I just love bones, the way one nudges so nicely into another; the way the fat round head of the femur nestles into the deep bowl-shaped part of the pelvis fashioned to hug it tight.
I used to keep a little dancing man of a skeleton on display in my office in the years when I practiced massage.
He stood a good three feet tall there where he perched atop my file cabinet. You couldn’t miss him when someone opened my office door and I guess that’s why that little brother-and-sister team knocked shortly after I had arrived that one time. When I had passed them in the hallway where they were playing, they must have looked in and seen my clattery man, grinning down in that dapper little Mr. Bones way.
“We want to see your skeleton!” is how I remember the little boy saying breathlessly, while his sister hid herself behind him.
“Hmmm Well, I’m actually wearing my skeleton at the moment,” I replied, pretending to misunderstand.
“I mean it’s under my skin.”
He brushed past me and my silly joke and together with his sister entered my office.
“THAT skeleton,” he said, pointing upward.
“He’s scary,” he added gravely.
“Scary? No!“ I said back. “These are just his bones, just like we all have.” Then I went on. I can never help going on when it comes to this topic.
“Bones do so much for us, holding us up, helping us move, providing a platform for our muscles…”
“Look at his FEET!” squealed his younger sister.
“I know, aren’t they great, with all those tiny parts? And look at his ribs, like a perfect little birdcage, just right for protecting his heart.”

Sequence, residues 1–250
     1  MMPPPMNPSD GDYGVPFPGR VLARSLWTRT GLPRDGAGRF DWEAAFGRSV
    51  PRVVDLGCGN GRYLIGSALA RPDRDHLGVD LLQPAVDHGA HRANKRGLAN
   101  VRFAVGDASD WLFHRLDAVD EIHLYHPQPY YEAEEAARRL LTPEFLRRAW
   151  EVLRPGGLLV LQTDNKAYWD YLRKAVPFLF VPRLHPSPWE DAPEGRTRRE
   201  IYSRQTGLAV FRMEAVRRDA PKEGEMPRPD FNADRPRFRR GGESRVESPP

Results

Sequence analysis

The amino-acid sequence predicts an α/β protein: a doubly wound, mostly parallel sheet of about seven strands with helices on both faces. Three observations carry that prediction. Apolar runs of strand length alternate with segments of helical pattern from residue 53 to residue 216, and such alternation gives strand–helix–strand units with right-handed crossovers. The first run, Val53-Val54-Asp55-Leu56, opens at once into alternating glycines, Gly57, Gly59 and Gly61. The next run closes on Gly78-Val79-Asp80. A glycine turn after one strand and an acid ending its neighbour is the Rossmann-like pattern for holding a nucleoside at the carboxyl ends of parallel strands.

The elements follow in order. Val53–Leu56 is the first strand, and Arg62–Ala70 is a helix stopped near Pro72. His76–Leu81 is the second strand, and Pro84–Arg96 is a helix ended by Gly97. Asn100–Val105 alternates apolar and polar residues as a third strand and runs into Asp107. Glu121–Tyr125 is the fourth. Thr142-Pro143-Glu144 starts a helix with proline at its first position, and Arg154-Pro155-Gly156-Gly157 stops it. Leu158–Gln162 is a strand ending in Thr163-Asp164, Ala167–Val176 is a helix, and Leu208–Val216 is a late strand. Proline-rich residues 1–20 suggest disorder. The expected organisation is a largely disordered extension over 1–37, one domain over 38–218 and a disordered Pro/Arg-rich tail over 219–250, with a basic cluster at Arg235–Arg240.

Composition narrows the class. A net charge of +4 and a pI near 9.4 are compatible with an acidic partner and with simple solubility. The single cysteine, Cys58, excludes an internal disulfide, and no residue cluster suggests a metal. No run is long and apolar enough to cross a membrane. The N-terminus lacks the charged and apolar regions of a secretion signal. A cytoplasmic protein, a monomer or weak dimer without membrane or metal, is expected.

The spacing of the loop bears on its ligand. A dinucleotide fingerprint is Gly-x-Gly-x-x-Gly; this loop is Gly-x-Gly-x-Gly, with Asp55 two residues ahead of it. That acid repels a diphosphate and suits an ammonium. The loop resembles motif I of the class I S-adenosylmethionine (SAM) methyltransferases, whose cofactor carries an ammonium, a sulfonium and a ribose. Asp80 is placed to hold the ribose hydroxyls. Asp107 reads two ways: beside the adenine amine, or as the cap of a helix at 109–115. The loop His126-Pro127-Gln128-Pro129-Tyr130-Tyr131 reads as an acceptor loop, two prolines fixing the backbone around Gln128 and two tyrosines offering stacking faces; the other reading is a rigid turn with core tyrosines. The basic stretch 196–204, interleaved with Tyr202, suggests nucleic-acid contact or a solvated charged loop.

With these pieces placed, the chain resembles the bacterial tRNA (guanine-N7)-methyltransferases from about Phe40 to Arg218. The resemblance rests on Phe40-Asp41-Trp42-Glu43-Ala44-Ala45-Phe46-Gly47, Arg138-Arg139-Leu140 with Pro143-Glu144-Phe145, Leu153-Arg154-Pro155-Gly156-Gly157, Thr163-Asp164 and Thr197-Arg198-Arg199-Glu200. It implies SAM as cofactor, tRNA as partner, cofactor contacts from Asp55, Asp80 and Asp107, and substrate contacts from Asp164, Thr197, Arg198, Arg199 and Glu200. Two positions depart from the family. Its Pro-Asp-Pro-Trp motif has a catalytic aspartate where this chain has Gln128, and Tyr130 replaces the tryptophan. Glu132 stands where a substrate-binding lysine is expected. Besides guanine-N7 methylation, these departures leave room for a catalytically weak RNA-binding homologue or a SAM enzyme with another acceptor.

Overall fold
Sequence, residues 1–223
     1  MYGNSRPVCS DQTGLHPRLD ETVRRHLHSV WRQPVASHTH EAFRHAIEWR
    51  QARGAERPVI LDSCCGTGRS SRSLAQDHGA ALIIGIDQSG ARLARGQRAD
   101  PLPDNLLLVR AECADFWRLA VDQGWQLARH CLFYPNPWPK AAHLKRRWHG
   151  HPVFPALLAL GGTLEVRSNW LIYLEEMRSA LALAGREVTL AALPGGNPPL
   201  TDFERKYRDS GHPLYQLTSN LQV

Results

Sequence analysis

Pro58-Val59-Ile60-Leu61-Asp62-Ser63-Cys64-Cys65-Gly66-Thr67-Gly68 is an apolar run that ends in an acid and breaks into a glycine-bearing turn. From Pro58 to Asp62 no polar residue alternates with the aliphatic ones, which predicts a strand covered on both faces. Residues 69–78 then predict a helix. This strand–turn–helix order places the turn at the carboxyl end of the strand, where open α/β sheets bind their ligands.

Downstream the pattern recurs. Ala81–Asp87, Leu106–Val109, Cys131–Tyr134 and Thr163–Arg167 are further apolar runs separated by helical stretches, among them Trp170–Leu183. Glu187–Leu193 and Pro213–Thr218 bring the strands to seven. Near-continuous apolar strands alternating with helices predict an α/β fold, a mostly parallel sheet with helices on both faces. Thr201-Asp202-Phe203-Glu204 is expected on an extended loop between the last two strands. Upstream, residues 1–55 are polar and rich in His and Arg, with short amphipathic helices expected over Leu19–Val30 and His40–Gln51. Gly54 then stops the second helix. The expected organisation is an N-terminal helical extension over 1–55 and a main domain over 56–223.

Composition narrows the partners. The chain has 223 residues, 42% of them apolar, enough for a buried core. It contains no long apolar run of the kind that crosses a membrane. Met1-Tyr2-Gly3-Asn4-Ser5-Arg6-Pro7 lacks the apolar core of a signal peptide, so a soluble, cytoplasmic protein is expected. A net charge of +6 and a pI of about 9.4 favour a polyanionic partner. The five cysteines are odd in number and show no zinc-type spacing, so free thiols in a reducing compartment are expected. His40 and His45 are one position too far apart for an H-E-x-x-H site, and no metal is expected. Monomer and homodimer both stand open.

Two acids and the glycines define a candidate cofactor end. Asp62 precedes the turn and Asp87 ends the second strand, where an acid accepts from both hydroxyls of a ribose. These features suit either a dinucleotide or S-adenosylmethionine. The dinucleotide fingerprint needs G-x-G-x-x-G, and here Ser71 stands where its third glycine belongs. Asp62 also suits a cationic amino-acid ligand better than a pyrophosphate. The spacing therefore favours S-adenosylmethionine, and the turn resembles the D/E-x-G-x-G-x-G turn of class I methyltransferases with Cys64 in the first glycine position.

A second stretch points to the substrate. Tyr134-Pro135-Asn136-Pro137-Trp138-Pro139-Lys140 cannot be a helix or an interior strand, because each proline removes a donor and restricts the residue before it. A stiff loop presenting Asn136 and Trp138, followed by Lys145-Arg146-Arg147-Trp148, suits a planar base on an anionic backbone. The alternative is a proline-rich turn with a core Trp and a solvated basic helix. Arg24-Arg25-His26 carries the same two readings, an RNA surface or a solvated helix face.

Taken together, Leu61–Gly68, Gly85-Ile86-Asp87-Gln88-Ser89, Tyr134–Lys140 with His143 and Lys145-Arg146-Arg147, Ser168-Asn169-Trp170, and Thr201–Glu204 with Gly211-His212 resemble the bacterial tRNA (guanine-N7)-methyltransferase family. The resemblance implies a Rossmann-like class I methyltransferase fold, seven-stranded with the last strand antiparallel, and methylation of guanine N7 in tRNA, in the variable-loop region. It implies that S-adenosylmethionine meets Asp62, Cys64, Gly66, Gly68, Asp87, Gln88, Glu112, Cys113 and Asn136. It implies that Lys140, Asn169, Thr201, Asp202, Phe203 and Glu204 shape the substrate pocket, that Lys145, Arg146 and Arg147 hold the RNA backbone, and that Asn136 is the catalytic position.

The boy swallowed hard. “Show me his skull,” he said dramatically.
“Let me see if I can lift him down then,” I answered and did so, causing the figure’s limbs to caper and sway.
The children squealed, and squeezed back toward the wall.
“And you know what the skull protects, don’t you?” I said. “The most important thing you have, which is….”
“Your BRAIN!” they both yelled together laughing, then piled back out to the hallway.
The boy dashed off then, but the girl stopped before following him, shot out one arm and waved a merry goodbye.
“My name is Terry,” I told her because we had not introduced ourselves exactly. “What’s yours?”
“Vanessa!” she shouted gleefully.
“Well then Vanessa, goodbye for now. We’ll see each other again soon, I’m sure.”
“Goodbye!” she yelled and danced away down the hallway.
And that was that. It was an exchange that lasted maybe five minutes, but even all this time later I still cannot think of a nicer way to have started my day. For the whole rest of the week in fact, I felt cheered and buoyed up by it, and newly conscious of all the small people present among us.
For if humanity is a forest, then we adults are its stiffly standing old trees, while they are the new ones. Self-important lot that we are, we imagine that we rule the forest. We even imagine we hold up the sky, with our barky old arms, hurrying the very clouds along to their next assignment.
But the future of any forest lies in its new growth. And the whole time we elders go on looking upward for meaning, the meaning lies below us in these tender saplings – like the ones I met that day, so bright, and limber, and trembling with that fresh young life.